Antarctica Dispatch

Journal of my Antarctic experience working to support the United States Antarctic Program.

"Earthquake Hits Near South Pole"


This was the headline in the news today on the People's Daily Online. Fox News also reported the earthquake. Well I didn't feel the earth move because the quake happened over 1000 miles away. Someone needs to retake geography!

Penguins were probably the only Antarctic land creatures who got frightened from the event. The USGS has instruments down here, one measuring seismic events. Here's a link to the IRIS site displaying this informaiton.

About the only other development was a huge aurora display courtesy of sunspots.

*Photo by our Bavarian science tech working for the University of Chicago.



Believe it or not there is light at the end of the tunnel. In my case it's at the edge of the horizon. Last week we started to see a sliver of the sun. Everyone's all giddy now. You can see a spring in people's step and a glow in their eyes.

I walked out to some of the remote buildings to check on some network devices - MAPO (Univerisity of Chicago), ICECUBE Temporary Counting House (University of Wisconsin), and ARO (NOAA). It added up to about 2 miles. Since it was pretty clear out, I decided try to take the shorter route instead of follow the flag line back to the station and then back out to ARO. The hard part was the massive drifts and sastrugi.

I also just learned that I'm tentatively set to leave this place outpost at the Bottom of the World on November 2. Yes, I'm quite excited!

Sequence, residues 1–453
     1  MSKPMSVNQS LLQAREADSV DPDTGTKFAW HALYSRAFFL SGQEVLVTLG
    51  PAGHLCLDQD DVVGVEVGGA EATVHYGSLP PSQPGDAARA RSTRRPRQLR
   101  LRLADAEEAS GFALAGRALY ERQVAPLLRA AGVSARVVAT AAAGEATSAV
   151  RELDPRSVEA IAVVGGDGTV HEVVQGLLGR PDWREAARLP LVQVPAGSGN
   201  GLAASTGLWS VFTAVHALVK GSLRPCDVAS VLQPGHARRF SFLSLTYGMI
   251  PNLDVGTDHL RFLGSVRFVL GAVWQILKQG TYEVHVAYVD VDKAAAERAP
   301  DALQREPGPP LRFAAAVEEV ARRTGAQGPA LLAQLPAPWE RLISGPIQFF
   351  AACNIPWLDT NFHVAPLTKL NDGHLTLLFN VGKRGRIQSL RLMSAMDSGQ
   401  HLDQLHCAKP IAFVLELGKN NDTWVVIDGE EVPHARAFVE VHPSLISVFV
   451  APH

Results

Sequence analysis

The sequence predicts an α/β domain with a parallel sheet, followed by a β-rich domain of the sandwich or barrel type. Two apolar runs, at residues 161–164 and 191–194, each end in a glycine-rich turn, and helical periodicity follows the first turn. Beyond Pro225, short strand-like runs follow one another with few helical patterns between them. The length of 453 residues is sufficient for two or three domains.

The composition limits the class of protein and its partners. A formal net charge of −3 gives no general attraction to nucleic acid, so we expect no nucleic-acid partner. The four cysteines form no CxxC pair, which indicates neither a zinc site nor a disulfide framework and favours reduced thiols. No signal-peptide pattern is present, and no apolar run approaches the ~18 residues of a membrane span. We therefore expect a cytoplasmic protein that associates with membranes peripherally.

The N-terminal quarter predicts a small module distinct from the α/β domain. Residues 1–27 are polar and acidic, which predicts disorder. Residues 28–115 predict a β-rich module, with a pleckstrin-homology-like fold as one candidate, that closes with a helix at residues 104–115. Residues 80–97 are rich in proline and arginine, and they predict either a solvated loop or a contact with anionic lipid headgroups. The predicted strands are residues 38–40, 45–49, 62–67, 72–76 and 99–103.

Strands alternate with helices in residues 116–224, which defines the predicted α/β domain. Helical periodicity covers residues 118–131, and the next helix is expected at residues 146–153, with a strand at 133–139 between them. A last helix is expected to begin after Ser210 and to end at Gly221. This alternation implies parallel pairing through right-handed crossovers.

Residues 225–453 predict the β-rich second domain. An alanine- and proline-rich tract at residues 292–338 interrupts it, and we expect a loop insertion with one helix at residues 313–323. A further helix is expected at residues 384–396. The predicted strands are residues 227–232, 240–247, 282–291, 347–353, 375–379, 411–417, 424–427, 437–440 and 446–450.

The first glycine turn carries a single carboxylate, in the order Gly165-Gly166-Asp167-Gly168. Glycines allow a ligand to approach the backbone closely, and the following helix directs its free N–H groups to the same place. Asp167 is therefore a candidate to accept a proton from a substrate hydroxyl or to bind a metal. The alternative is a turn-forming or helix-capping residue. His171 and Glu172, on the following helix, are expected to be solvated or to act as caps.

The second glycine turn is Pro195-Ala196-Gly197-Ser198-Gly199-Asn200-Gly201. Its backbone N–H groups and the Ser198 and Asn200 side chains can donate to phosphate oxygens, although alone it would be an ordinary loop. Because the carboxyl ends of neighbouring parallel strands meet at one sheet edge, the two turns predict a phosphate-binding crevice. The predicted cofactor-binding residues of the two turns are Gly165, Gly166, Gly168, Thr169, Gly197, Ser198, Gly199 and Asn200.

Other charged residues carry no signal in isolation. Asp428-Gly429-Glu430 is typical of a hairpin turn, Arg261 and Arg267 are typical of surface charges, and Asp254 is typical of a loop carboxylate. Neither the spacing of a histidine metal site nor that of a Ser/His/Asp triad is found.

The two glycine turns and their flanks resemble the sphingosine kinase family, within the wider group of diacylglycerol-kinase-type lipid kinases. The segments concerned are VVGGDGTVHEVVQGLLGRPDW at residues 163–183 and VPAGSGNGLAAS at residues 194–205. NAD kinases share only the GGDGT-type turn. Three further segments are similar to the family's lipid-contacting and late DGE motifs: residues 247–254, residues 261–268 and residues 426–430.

Dirty Work


Unlike McMurdo, which swells to over 1200 people during the 'summer' months (November-February), the South Pole station only gets up to a little above 250. McMurdo has janitorial staff. We do not. So every Saturday we do something called 'HouseMouse'. Every department (and science personnel) have an assigned area to clean. During the 'wintertime' we rotate through the various rooms, hallways, etc. It amazes me how dirty the floor gets when there is no dirt here.

In addition, during the summer, we'd have 3 DAs (Dining Attendants) who help keep the Galley area clean, wash dishes, etc. Sometimes after work I'd help out. Well for the Winter we don't have these, so the 64 of us rotate through. It's a change from the daily routine, but at the end of it everyone is exhausted from his/her day in the 'Dish Pit'. This last Tuesday was my day. The shift runs from 10 AM to 8 PM. Most people sleep in, but I still have work to get done, so I was working from 7 AM. As usual on these days, I fell into bed. Hopefully that was my last time in the kitchen.